The Commonwealth Bank has become the second major bank to raise home loan interest rates, announcing yesterday that investors and owner occupiers will be paying more from mid-November.

Effective from 20 November, CBA’s variable home loan rates will rise by 0.15%, which is below the increase of 0.2% announced by Westpac last week.

The increase means that for owner occupiers, the standard variable home loan rate will increase to 5.60% per annum, while for investors the standard variable interest rate will rise to 5.87% per annum.

Like Westpac, CBA said the rate rise was a result of needing to recoup some of the costs associated with new regulations that require banks to hold increased amounts of capital against their mortgage books.  

“We recently raised $5.1 billion to strengthen our capital position in line with new regulatory requirements implemented in response to the Financial System Inquiry. We have now reviewed our home loan pricing in light of these changes,” Matt Comyn, CBA's group executive for retail banking services said.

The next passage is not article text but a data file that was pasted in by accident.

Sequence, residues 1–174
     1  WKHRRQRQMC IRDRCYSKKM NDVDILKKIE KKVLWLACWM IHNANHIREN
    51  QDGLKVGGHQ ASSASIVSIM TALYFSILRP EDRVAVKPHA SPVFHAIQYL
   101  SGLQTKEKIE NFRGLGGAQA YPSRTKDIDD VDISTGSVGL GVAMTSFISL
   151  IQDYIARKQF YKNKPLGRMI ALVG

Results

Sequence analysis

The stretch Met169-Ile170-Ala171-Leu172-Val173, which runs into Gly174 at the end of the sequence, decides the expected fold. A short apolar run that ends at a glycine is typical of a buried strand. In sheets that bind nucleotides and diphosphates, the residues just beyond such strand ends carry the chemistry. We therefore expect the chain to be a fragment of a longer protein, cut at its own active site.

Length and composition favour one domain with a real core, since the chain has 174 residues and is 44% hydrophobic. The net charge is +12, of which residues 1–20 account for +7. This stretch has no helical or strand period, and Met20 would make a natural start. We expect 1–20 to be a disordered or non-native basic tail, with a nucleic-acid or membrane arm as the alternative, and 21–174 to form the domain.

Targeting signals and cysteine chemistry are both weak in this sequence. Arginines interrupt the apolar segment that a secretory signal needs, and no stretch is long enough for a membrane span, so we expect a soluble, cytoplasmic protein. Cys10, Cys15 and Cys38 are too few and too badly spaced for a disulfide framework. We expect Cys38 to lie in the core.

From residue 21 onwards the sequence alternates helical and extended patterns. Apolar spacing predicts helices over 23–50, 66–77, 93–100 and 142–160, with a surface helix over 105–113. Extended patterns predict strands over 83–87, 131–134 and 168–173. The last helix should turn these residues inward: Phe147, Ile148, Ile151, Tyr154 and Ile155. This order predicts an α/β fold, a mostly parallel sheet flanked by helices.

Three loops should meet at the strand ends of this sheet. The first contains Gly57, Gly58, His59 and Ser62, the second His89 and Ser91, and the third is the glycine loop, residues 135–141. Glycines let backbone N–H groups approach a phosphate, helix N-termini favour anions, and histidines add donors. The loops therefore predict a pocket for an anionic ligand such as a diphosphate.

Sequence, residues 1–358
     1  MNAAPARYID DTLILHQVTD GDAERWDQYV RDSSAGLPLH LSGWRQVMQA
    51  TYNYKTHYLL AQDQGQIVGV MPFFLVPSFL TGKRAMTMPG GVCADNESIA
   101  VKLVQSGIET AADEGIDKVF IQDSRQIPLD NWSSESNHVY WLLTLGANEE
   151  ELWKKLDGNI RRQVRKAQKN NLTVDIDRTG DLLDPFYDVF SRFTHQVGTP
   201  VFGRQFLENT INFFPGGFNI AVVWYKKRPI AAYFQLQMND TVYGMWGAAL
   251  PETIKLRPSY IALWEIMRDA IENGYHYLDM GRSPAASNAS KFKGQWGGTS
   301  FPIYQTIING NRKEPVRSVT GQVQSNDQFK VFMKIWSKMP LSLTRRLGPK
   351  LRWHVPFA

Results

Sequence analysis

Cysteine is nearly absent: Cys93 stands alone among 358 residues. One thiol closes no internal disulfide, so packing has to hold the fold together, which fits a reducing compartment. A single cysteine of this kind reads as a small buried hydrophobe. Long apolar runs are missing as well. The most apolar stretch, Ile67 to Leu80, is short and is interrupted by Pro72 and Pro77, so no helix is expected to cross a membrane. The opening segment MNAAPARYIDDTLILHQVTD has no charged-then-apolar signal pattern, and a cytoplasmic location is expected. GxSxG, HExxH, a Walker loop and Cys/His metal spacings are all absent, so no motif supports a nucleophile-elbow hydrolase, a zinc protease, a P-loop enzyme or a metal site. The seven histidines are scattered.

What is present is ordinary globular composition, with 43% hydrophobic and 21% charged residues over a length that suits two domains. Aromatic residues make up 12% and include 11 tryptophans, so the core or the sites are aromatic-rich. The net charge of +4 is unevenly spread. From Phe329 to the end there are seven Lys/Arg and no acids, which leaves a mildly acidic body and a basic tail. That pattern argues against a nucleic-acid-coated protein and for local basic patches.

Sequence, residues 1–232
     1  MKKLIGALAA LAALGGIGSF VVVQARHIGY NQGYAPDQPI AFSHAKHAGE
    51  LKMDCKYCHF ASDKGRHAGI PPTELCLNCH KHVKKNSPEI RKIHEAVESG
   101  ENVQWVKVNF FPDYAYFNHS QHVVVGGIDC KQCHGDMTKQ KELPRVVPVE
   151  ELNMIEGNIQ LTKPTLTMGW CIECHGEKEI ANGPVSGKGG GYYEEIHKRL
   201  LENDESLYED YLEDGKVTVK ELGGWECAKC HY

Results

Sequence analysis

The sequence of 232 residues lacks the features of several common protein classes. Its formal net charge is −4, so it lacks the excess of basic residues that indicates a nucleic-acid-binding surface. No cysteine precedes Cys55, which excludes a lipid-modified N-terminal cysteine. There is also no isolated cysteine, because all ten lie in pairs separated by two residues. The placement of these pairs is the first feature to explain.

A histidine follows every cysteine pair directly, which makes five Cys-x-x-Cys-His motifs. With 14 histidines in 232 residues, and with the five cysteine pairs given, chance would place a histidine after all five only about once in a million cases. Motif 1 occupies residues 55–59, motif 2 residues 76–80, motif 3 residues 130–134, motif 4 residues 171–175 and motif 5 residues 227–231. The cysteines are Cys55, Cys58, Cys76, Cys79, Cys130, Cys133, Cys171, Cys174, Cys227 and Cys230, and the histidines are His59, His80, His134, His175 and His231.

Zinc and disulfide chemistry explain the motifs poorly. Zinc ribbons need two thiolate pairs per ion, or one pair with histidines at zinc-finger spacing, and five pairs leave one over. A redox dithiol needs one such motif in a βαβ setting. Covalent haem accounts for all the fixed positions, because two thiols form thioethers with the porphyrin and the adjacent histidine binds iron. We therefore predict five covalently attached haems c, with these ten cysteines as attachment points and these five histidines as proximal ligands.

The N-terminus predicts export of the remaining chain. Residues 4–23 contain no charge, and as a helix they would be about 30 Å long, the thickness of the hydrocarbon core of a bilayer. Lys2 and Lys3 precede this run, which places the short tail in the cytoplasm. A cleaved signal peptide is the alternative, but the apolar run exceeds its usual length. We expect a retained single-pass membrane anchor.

“Any decision to change interest rates is carefully considered. The cost of the new capital required to make the Australian banking system more secure needs to balance the interests of our customers, as well as the nearly 800,000 households who are direct shareholders and the millions more who are invested through their superannuation funds,” he said.

Fixed-rate loans and business loans will not be subject to the change.